Wasatch Cache National Forest

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Avalanche advisory

MOnday, April 1, 2002 07:30 AM



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Good morning, this is Drew Hardesty with the Forest Service Utah Avalanche Center with your backcountry avalanche and mountain weather advisory.  Today is Monday, April Fool’s Day, 2002, and it’s 7:30 a.m.


Current Conditions:

Under clear skies overnight temperatures dropped into the low 30’s at most mountain locations, with cold air pooling down into the drainages.  The winds have been averaging in the high twenties and thirties out of the west northwest, and should increase to strong by tonight.   


There’s a wide array of backcountry snow surface conditions, though most have crusts of varying degrees of supportability.  However, if you look hard enough, you can still ride or ski corn and recycled powder on the same day.  Melt freeze crusts are supportable on southerly facing slopes below about 9,500’ feet.  If you are looking for corn you need to start early and to help you with those alpine starts we will be doing a corn hunters report on the (801) 364-1581 line at 6:00 am for the rest of the season. 


Avalanche Conditions:

These corn avalanches are getting to be pretty interesting.  Two more were reported from the Canyons backcountry, one from yesterday, and one from the day before.  Also from yesterday was another avalanche reported off the south side of Jupiter Peak, which may have been a corn avalanche as well.  By and large, all of these were from 4”-2’ deep, with some propagating up to 300’ wide.  All were human triggered on mid-elevation sunny aspects, with slope angles in the mid to upper 30’s.  What’s clear is that we are still  in the early stages of a corn cycle.  Here’s the scenario: in the morning, the upper couple inches may be supportable with an overnight refreeze, but the underlying melt-freeze snow is still unfrozen and unsupportable.  While the snow mechanics of these unusual things are admittedly a little baffling, they do resemble the classic “slab” over “weak layer” scenario.  If you can push your ski pole through a relatively thin melt-freeze crust, or if you hear and feel collapsing in the snow, it might be time to head somewhere else.  Here’s a photo of one taken Friday on Reynolds Peak .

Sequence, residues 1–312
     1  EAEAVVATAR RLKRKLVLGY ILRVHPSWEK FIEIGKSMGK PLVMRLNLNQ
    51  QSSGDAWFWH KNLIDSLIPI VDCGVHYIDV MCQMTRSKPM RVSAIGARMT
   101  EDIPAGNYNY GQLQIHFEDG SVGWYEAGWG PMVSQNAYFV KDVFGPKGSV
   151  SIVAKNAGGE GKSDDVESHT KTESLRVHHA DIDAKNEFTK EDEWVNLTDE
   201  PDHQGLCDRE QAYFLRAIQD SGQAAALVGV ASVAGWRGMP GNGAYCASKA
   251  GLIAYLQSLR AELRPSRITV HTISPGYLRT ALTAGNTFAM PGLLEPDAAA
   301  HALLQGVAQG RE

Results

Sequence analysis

Today is going to be the warmest day in our current pattern.  Last night’s relatively weak overnight refreeze combined with today’s clear skies and projected 8000’ highs in the mid and upper 50’, the snow surfaces will heat up much faster today.  As with most things in life, timing is everything: if you see wet point-release avalanches, roller balls, or are sinking up to your shins in the wet glop, it’s time to change your aspect or set your alarm earlier for tomorrow.  Keep in mind that rocky outcrops, cliff-bands, and to some extent trees are notorious for starting points of wet activity.


There are still a couple of other concerns.  One, of course, is the lingering deep slab instability – strength tests continue to indicate that our deeply buried weak layers are still sensitive on the northwest through east mid and upper elevation aspects.  The other concern is the potential for glide avalanches on the steepest slopes underlain by a rocky slab.  Glide cracks have been observed on some of this type of terrain. 


Bottom Line: 

The avalanche danger remains MODERATE on northwest, north and east facing slopes steeper than about 35 degrees.  On southerly facing slopes the danger is generally LOW this morning but will rise to MODERATE with daytime heating.  There is also a MODERATE danger of triggering a deep, very dangerous hard slab avalanche in steep terrain, especially in thinner snowpack areas. 


(Ogden Area and Western Uinta Mountains)

Same as Salt Lake Mountains.  


(Provo Area Mountains)

Same as Salt Lake Mountains.


Mountain Weather:

Under clear skies, today will be even warmer than yesterday, with 8000’ highs in the mid-50’s.  10,000’ temperatures will be in the mid to high 30’s.  The winds will be out of the west-northwest, with hourly averages in the upper twenties, increasing to strong tonight.  A dry cold front is forecast to move through the Wasatch Mountains tonight, with the temperatures dropping off about 10 degrees.  High pressure remains through Friday, with a weak system arriving by Saturday.


General Information:

Wasatch Powderbird Guides will not be flying today.  For more information call 521-6040 ext. 5280.


To report backcountry snow and avalanche conditions, especially if you observe or trigger an avalanche, you can leave a message at (801) 524-5304 or 1-800-662-4140.  Or you can e-mail an observation to [email protected], or you can fax an observation to 801-524-6301.


The information in this advisory is from the U.S. Forest Service, which is solely responsible for its content.  This advisory describes general avalanche conditions and local variations always occur. 


I will update this advisory by 7:30 tomorrow morning.

Thanks for calling!



For more detailed weather information go to our Mountain Weather Advisory

National Weather Service - Salt Lake City - Snow.

For an explanation of avalanche danger ratings: